It enjoins that the procedure set out in the Appendix should be followed; and further that nothing contained in the said notification shall apply to the said goods which are exempted from the whole of the duty of excise leviable thereon or are chargeable to nil duty.

It further stipulated that the credit of the duty allowed in respect of the inputs shall not be denied or varied on the ground that part of such inputs is contained in any waste, refuse or by-product arising during the process of manufacture of the said goods irrespective of the fact that such waste, refuse or by product is exempt from the whole of the duty of excise leviable thereon or is chargeable to nil rate of duty. or is not mentioned in the declaration referred to in the Appendix to this notification. Provided, also that nothing contained in any notification should apply to the said goods on which duty of excise is paid through bandrols.

The Appendix provides the procedure. The benefit of proforma was claimed for the said goods on the plea that the goods were intended to be used (as inputs) in the manufacture of electric fans. The Asstt. Collector, Central Excise, Calcutta-XV Division, disallowed proforma credit to the said goods on the ground that nameplates ale not essential ingredients or raw-materials in the manufacture of finished-goods i.e. electric fans and thus cannot be considered as inputs in terms of the notification No. 20l/79 dated 4.6.1979.

The respondent preferred an appeal against the decision before the Collector (Appeals) Central Excise, Calcutta, and the same was allowed holding, inter alia, that para 8 of the supplement to the manual of Departmental instructions on electric fans, has clarified the utility of the use of "nameplate" on eleectric fan and, hence, viewed from this PG NO 1001 angle, the said goods should be treated as 'inputs' in terms of the notification No. 201/79 dated 4th June, 1979.

The Collector, therefore, set aside the order of the Asstt. Collector. There was an appeal to the Tribunal. The Tribunal in its order noted that the short point requiring decision in this case was: whether the nameplate could be considered as component part of the electric fan, so as to be eligible for proforma credit under the exemption notification. The Tribunal further noted that no electric fan was removed from the factory for being marketed without the nameplate. The Tribunal also noted that even though it could be said that electric fans could function without the nameplates, for actual marketing of the fan, the affixation of the nameplate was considered as essential requirement.

The Tribunal further noted that it was an essential requirement even from the point of view of the Excise Tariff because the rate of duty on different types of electric fans, depended on their variety and the sweep size of the fan. This information was given in the nameplate only.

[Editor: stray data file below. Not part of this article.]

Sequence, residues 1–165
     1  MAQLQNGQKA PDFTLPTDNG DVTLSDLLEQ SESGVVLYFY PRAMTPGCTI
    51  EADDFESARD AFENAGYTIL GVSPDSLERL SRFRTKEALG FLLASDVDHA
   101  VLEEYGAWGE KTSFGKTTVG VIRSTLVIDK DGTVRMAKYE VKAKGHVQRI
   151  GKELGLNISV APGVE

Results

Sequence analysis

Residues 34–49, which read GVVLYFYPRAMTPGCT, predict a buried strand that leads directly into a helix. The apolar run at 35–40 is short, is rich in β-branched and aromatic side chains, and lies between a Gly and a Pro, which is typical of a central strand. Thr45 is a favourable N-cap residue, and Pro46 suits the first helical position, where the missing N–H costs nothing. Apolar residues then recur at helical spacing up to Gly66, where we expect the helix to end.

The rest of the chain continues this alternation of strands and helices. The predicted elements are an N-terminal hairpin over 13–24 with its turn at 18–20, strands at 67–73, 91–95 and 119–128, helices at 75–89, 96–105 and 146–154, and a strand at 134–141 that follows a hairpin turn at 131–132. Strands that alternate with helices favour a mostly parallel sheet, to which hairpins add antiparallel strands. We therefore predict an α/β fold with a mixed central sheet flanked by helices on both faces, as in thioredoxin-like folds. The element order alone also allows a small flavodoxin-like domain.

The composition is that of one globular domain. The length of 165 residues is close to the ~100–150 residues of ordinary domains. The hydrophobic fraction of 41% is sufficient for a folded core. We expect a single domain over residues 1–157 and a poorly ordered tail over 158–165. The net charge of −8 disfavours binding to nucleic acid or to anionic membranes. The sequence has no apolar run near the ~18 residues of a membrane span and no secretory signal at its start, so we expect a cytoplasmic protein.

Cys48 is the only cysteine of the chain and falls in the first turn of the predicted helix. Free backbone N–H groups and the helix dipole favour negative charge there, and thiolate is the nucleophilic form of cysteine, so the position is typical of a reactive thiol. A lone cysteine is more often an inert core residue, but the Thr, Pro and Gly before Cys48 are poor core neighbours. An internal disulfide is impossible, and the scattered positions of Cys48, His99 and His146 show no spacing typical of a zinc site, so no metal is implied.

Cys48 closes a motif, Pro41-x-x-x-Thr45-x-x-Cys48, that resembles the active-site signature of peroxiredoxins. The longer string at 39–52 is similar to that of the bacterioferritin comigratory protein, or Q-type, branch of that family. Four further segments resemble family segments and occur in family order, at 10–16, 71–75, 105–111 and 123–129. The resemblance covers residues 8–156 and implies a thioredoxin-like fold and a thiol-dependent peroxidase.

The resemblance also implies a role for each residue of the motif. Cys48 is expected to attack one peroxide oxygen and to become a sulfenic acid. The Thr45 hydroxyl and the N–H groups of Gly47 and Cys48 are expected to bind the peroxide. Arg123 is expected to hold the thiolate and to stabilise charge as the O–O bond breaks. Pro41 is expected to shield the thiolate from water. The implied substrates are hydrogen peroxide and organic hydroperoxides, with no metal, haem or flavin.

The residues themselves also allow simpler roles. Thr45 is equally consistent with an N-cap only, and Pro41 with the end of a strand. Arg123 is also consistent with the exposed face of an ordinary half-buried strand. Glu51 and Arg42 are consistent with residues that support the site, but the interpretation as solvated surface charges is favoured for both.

It appears that the Department's own instructions in their Commodity Manual made it obligatory for every manufacturer to affix the nameplates on the fans. In those circumstances, namely, for marketing the nameplates, these were essential. In other words, they could not be marketed without the nameplates. The relevant particulars of the fan for the determination of duty, depended on the particulars which are contained only in the nameplates. The Department's instruction requiring every manufacturer to affix the nameplates on the fans. indicate that nameplate was an essential ingredient to complete the process of manufacture for marketable electric fans.

It those circumstances, in our opinion, the Tribunal was right in arriving at the conclusion that the nameplate was not a piece of decoration without the nameplate, the electric fans as such, could not be marketed; and that the dealer was entitled to the benefit of the notification No. 20l/79-CE for the purpose of obtaining proforma credit. Fans with nameplates, have certain value which the fans without the nameplates, do not have. If that be so, then the value added for the accretion of nameplate was entitled to proforma credit in terms of the said notification. It is true that an electric fan may perform its essential functions without affixation of the nameplate, but that is not enough. Electric fans do not become marketable products without affixation of nameplates.

PG NO 1002 In that view of the matter, it appears to us that the Tribunal followed the correct principles applicable in this case. All the relevant and material factors were taken into consideration. The approach of the Tribunal was right. The decision arrived at on that basis appears to be correct.

In the premises the appeal fails and is according dismiseed S.K.A.

Appeal dismissed.